Mayor Carolyn Goodman announced the creation of the Mayor’s Fund for Las Vegas LIFE, a public-private partnership that will allocate money to the city’s neediest.
Fremont9 opens downtown
Fremont9 apartment complex has opened in downtown Las Vegas. (Marcus Villagran/Las Vegas Review-Journal) @marcusvillagran
Fall fairytale gets cozy at Bellagio Conservatory
Bellagio Conservatory introduces its fall-themed garden titled "Falling Asleep." (Marcus Villagran/Las Vegas Review-Journal) @marcusvillagran
What the house that Ted Binion died in looks like today
Casino heir Ted Binion died in this Las Vegas home in 1998. Current home owner Jane Popple spent over $600,000 to restore and modernize the home. (Marcus Villagran/Las Vegas Review-Journal) @marcusvillagran
Rescue Mission employees terminated
Don James, a former employee for the Las Vegas Rescue Mission, talks about the day his team was terminated. (Erik Verduzco/Las Vegas Review-Journal)
Raiders Cupcakes at Freed's Bakery
Freed's Bakery will have Raiders-themed cupcakes available in store and for order during football season. (Marcus Villagran/Las Vegas Review-Journal) @marcusvillagran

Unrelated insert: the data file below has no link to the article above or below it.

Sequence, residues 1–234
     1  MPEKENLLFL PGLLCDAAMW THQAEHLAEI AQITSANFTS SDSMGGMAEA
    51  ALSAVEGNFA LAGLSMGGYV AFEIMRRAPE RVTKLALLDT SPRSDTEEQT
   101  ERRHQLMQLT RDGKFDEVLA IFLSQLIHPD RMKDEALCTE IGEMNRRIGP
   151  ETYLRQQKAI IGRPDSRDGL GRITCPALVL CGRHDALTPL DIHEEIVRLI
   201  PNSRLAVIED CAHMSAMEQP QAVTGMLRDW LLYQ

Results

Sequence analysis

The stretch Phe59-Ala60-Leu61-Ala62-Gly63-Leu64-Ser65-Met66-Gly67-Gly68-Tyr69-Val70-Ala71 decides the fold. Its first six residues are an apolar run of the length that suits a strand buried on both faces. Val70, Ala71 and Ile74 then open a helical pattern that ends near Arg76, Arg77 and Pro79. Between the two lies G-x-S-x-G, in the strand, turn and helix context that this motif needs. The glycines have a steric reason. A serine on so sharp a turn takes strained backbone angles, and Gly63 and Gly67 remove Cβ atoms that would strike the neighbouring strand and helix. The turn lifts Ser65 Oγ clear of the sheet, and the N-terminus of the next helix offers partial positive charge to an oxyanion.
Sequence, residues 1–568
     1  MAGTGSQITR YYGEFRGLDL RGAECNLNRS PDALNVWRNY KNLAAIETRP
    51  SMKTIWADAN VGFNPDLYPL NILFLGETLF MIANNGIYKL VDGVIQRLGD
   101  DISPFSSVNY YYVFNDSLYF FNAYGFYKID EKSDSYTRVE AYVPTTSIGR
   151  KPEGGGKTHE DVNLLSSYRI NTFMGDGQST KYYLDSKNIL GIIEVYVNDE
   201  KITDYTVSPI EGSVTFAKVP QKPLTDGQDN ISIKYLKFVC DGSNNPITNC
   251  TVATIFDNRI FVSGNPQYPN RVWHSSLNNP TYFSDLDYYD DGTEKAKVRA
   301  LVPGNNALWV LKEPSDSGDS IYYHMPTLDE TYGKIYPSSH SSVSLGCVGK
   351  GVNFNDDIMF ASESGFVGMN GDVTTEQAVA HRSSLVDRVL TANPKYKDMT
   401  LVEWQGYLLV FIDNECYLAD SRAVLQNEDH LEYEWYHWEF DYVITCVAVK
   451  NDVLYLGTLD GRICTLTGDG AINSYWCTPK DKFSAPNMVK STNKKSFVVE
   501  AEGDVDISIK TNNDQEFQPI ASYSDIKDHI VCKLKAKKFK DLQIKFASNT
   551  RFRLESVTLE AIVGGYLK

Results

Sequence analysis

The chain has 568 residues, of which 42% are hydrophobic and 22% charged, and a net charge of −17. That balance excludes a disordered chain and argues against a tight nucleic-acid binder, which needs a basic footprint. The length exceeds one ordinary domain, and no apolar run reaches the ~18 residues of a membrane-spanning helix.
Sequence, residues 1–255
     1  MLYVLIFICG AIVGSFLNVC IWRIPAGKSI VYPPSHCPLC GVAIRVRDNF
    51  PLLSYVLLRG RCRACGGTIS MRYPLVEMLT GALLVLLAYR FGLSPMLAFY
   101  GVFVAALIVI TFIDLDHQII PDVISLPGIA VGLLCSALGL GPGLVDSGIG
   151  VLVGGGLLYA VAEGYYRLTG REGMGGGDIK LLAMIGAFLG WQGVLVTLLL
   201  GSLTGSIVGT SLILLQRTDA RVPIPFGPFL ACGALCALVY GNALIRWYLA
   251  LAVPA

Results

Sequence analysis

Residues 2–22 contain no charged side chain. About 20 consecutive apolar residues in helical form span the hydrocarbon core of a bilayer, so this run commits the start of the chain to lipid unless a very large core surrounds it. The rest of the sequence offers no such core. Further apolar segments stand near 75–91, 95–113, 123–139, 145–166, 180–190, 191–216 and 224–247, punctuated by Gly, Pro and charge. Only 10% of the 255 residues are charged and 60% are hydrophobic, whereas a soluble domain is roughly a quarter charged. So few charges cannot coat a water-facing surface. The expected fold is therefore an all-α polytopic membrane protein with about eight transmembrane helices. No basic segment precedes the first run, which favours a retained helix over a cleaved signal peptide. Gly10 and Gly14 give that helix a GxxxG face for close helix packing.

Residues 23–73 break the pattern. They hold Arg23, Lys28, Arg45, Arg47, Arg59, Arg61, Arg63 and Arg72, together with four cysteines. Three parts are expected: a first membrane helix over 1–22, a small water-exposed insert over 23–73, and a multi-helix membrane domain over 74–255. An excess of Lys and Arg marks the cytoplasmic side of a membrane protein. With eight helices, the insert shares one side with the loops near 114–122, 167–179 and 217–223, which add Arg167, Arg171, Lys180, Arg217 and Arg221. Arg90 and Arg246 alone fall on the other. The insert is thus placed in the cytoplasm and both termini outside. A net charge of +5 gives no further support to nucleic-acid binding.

51s fans say goodbye to Cashman Field
Las Vegas 51s fans said goodbye to Cashman Field in Las Vegas, Monday September, 3, 2018. (Marcus Villagran/Las Vegas Review-Journal) @marcusvillagran
51s owner Don Logan's last weekend at Cashman Field
Don Logan, owner of the Las Vegas 51s, gives a tour of Cashman Field before the team's final weekend using the field. (Marcus Villagran/Las Vegas Review-Journal) @marcusvillagran
TOP NEWS
News Headlines
Add Event
Home Front Page Footer Listing
Circular
You May Like

You May Like